Bonus tip: I’ve also turned off Whatsapp notifications on my phone. The amount of time I’ve saved not getting caught up in multiple group chats has helped me power through daily tasks so much faster. 

8. Hire additional help

If you’re struggling to keep up with client work, it might be time to hire some freelancers or a part-time employee to help you out. 

The first thing to do is decide what you want help with. Tracking your time will give you the data to see what tasks are consuming most of your day. Now write out your tasks and categorise them into: Strengths, Competencies, and Chores (shout out to Shannon from The Social Bungalow for first opening my eyes to these):

  • Strengths = you’re great *and* efficient at these
  • Competencies = you’re okay at these, but can be a bottleneck 
  • Chores = you’re okay at these but strongly dislike doing them

Those “Chores”? You don’t have to be doing them, especially if they’re taking up a considerable amount of time. Instead, when the time is right, you could hire additional support to help you. After all, you should be leaning into your strengths. Performing the tasks that you excel at, are efficient in, or bring in the money. 

So, when you’re ready to create a job description for that additional support, here’s some things to be aware of:

  • Create clear standard operating procedures (SOPs). These can feel a bit daunting to put together when you’ve never done so before. However, these step-by-step instructions for tasks like social media content creation or responding to emails will increase efficiency and the quality of your work - and avoid you having to explain things repeatedly
  • Make the job description detailed. Be very clear about what tasks that person will own and, during the interview process, communicate the vision of the business so that they understand where their role fits in
  • Work review days into their schedule. For example, on Tuesdays you review rough drafts of projects and share your feedback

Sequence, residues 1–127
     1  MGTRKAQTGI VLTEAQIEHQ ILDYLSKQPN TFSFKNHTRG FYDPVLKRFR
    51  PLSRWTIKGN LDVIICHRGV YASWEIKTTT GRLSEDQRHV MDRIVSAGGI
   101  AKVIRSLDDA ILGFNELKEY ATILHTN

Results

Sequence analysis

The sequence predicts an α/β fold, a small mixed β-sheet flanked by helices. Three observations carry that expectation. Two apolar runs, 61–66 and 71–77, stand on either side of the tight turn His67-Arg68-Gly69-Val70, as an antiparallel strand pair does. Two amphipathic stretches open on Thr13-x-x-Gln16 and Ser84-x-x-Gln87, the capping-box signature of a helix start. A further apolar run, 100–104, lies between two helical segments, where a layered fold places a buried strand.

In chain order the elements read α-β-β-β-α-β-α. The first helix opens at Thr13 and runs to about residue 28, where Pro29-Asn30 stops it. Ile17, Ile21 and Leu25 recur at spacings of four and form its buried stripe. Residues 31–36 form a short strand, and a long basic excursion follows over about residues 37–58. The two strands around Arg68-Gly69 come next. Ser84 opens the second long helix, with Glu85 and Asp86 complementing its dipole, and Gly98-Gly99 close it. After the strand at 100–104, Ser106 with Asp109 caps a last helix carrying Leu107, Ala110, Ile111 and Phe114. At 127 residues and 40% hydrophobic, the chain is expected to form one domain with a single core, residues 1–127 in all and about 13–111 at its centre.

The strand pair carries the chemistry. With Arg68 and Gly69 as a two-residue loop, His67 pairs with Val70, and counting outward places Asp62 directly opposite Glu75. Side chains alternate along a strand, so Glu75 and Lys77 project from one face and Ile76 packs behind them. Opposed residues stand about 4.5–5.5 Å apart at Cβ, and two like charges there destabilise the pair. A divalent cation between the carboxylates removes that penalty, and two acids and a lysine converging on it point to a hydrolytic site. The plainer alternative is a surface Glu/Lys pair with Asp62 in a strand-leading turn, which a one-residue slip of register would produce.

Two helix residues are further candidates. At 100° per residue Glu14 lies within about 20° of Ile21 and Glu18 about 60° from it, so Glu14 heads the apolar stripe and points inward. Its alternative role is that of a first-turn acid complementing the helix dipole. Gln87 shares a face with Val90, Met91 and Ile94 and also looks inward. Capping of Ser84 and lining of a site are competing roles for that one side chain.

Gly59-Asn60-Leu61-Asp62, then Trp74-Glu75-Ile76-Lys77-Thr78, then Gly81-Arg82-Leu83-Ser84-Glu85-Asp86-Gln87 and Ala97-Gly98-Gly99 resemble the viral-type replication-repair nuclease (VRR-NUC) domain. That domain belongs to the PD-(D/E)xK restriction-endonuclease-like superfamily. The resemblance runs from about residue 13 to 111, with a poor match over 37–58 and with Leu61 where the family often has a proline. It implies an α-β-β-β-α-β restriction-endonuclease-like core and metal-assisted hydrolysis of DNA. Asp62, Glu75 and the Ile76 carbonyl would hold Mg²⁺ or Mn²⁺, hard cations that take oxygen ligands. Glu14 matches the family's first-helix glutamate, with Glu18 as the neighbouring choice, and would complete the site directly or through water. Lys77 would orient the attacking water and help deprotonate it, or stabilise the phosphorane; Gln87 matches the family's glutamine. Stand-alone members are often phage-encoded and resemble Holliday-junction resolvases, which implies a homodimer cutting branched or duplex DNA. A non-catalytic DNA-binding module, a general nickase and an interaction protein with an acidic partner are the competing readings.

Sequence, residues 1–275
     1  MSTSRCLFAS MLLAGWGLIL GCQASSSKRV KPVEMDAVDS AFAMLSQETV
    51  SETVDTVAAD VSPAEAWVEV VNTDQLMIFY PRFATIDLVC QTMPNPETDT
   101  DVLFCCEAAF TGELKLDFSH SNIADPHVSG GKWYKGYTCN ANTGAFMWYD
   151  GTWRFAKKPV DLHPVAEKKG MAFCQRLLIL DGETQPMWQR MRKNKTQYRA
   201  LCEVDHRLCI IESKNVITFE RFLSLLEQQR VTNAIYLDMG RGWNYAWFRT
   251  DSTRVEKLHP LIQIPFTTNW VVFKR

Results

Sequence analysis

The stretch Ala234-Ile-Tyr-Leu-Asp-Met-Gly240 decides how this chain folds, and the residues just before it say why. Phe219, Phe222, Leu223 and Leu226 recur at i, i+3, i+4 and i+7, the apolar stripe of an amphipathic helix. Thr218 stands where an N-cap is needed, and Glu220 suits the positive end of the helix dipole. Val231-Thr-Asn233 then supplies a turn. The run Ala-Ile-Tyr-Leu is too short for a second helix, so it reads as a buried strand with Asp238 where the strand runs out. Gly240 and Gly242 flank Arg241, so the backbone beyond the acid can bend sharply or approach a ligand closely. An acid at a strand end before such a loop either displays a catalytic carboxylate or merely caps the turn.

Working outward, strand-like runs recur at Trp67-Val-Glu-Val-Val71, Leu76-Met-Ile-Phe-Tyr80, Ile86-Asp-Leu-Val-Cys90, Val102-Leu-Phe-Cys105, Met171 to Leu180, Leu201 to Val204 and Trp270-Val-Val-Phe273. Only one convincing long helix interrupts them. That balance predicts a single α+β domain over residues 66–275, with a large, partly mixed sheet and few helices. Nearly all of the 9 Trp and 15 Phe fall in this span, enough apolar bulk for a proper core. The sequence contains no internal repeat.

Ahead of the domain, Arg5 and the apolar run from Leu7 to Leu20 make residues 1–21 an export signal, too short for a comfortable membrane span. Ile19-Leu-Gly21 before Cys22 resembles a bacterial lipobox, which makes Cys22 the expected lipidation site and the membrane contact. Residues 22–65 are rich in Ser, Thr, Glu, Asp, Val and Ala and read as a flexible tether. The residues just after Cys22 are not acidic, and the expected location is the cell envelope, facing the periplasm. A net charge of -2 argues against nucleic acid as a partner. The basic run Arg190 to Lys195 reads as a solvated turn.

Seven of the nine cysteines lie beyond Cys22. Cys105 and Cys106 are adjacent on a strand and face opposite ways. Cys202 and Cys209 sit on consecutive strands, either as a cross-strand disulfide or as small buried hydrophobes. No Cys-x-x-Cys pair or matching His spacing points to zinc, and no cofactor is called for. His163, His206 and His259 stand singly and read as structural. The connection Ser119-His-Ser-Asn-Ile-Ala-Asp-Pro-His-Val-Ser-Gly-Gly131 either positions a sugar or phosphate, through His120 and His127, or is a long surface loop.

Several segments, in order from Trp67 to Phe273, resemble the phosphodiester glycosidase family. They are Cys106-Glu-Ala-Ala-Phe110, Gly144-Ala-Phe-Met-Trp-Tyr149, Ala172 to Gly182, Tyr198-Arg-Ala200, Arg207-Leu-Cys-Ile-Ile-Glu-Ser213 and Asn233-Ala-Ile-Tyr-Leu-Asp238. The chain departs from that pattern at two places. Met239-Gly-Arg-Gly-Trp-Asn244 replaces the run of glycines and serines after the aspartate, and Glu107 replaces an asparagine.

• Finally, whether it’s through Slack, email, or Whatsapp, find a way to stay in regular contact with one another and be clear about response times so you’re both on the same page 

9. Use the right tools

I’ve talked about some of my favourite tools in my guide to becoming a social media manager, but one thing that I want to mention again here is project management software. 

Applications like ClickUp or Asana are vital at helping you stay on top of projects. They’re essentially digital planners that allow you to set due dates, subtasks, and assign work to others for review or completion. 

It’s so handy having everything in one place - all of your tasks, docs, goals and chats between collaborators or co-workers. And the best part is, you can keep an eye on your deadlines for the week ahead and move things accordingly. 

Here are some other project/content management tools I love:

  • Trello
  • Notion

10. Try the Pomodoro technique

The Pomodoro technique is a time management method that uses a timer to break down work into intervals, traditionally 25 minutes in length, separated by short breaks.

I used to believe that sitting down and powering through a piece of work - uninterrupted and without pause - was the best way to get through my to do list. In reality, I’d lose focus because staring at a screen for hours at a time is the fastest route to procrastination. 

11. Have a change of scenery

Sitting at the same desk, in the same room, staring at the same four walls day-after-day is not conducive to productivity or effective time management.